Before June 2013, any whistleblowing disclosure had to be made in good faith under UK law. This requirement was removed in June 2013 although an individual’s motives can be taken into account by a tribunal when assessing compensation.
If the anonymous letters sent to the Barclays Board were, as reported, ‘very simple, very crude and very malicious’ concerning issues of a personal nature against Mr Main, it suggests the issues were not related to financial misconduct, justifying a whistleblowing enquiry, but were related to someone with a personal grudge against Jes Staley.
Given the outcome for Mr Staley ie a written reprimand, substantially reduced bonus and ongoing enquiries from UK and US regulators plus widespread publicity, the anonymous whistle blower has certainly achieved his (or her) objective.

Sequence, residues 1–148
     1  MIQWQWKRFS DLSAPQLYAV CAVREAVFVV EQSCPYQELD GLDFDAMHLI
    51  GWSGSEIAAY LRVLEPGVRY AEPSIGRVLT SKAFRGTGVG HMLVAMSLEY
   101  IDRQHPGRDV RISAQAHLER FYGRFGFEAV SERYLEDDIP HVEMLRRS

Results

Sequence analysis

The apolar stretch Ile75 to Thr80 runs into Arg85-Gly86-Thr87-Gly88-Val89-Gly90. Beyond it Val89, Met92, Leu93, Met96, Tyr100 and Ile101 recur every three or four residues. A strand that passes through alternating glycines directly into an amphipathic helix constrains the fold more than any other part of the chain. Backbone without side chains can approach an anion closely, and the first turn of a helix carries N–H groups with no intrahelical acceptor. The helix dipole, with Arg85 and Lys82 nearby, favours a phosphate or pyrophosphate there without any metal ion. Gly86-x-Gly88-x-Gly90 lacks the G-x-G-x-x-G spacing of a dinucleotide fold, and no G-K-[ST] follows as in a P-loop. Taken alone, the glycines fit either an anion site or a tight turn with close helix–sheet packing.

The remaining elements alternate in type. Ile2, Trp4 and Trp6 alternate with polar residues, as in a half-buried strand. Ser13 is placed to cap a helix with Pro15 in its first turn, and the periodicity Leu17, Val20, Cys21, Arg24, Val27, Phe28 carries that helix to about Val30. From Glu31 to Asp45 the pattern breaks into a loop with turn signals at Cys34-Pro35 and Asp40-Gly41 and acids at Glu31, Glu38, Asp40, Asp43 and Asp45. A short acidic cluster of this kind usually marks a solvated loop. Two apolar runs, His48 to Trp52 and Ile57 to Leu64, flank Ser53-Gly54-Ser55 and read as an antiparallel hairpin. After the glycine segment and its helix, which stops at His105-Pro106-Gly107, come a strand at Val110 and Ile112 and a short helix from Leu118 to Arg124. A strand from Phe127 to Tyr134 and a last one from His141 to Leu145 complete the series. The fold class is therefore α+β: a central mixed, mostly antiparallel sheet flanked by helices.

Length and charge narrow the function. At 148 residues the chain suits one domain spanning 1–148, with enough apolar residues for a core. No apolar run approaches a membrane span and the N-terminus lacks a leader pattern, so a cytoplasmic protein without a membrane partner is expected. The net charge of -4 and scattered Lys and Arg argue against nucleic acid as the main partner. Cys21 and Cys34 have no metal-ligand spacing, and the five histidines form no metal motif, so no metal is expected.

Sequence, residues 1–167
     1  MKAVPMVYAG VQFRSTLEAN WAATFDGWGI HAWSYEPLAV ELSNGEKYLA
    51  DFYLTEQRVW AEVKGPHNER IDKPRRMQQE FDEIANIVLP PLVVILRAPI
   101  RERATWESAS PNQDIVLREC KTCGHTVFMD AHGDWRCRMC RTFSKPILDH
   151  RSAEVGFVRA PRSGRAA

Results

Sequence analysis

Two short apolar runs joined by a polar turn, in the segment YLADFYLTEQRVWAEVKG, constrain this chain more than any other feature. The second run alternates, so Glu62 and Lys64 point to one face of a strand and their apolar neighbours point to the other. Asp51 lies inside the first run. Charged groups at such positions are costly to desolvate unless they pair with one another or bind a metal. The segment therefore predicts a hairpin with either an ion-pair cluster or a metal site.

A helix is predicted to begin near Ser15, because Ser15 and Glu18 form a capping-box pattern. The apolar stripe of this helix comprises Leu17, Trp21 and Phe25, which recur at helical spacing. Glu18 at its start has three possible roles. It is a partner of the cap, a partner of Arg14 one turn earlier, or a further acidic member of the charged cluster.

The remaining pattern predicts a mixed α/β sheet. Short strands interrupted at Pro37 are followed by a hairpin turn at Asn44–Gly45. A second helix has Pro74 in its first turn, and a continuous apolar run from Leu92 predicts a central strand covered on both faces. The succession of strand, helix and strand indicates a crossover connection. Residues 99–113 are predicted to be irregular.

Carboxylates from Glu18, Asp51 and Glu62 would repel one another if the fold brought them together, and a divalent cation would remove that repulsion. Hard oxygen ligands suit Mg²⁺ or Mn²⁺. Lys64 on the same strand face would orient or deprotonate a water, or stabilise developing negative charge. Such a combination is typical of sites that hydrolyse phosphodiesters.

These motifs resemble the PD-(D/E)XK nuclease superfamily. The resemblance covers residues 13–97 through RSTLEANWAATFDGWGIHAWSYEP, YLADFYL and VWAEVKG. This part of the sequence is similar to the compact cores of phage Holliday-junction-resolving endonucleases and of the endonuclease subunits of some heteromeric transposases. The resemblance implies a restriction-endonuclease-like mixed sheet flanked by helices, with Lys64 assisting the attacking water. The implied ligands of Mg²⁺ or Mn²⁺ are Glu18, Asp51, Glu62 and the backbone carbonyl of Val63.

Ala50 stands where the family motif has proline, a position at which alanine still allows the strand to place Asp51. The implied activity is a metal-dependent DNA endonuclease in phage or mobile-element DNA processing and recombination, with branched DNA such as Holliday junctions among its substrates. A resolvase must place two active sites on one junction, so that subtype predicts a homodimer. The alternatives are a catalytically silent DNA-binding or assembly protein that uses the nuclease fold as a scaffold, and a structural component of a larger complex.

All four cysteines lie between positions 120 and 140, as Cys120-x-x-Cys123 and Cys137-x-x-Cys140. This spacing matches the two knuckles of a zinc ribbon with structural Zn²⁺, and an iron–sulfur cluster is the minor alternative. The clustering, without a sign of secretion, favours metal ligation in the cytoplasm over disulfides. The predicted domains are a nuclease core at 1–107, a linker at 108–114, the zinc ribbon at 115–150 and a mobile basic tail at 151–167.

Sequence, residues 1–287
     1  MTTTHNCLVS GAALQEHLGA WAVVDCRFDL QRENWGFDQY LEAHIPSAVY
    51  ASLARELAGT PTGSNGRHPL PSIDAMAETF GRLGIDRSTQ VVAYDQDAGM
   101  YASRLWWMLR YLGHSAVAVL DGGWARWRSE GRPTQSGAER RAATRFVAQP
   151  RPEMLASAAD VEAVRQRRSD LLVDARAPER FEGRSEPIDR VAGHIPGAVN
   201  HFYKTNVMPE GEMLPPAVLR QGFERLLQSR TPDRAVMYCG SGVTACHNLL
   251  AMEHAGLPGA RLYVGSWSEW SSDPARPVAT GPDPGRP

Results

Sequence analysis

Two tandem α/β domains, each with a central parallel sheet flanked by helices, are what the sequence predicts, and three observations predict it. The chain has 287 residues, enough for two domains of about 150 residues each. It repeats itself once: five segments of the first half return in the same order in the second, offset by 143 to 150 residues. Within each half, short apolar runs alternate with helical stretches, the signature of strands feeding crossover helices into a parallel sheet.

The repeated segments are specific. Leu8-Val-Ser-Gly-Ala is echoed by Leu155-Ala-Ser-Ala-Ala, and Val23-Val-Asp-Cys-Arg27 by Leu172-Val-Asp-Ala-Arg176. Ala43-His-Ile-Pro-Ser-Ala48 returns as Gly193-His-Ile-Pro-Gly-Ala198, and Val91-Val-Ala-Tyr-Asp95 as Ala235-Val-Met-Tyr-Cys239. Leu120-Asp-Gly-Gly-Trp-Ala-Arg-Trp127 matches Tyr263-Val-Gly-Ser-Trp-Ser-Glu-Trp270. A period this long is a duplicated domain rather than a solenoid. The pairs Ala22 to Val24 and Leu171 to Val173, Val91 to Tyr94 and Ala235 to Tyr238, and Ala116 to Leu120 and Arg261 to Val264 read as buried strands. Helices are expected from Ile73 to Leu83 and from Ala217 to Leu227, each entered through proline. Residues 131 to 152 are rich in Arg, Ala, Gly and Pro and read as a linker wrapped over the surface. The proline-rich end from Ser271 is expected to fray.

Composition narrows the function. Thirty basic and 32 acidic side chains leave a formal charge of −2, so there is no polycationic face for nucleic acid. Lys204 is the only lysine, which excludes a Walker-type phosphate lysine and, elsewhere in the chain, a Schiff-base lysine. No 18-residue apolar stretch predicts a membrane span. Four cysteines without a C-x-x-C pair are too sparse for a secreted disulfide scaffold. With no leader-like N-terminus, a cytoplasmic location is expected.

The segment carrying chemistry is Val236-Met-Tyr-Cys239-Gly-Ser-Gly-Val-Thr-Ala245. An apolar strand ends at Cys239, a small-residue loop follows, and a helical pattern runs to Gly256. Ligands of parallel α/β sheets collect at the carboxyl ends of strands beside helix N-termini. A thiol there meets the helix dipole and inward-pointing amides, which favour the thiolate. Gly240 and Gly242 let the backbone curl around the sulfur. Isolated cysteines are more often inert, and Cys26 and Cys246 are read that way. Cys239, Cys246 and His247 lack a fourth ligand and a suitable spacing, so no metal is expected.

Someone who is motivated by malice should not have the protection of anonymity which is intended for genuine whistle blowers. There has to be a balance, but given the current climate, expect similar cases to follow.
They were ‘very simple, very crude’, and ‘very malicious’, a source close to the matter said, and contained no new information. Nevertheless, Barclays’ compliance team treated them as a whistleblowing matter and set about investigating the letters.
The rules governing whistle blowers stipulate that if an informer asks for anonymity a firm must respect the request. But Barclays’ chairman, John McFarlane, said today that Staley regarded the letters as ‘an unfair attack’ after he received a copy of one, and instructed the bank’s information security team to unmask their author.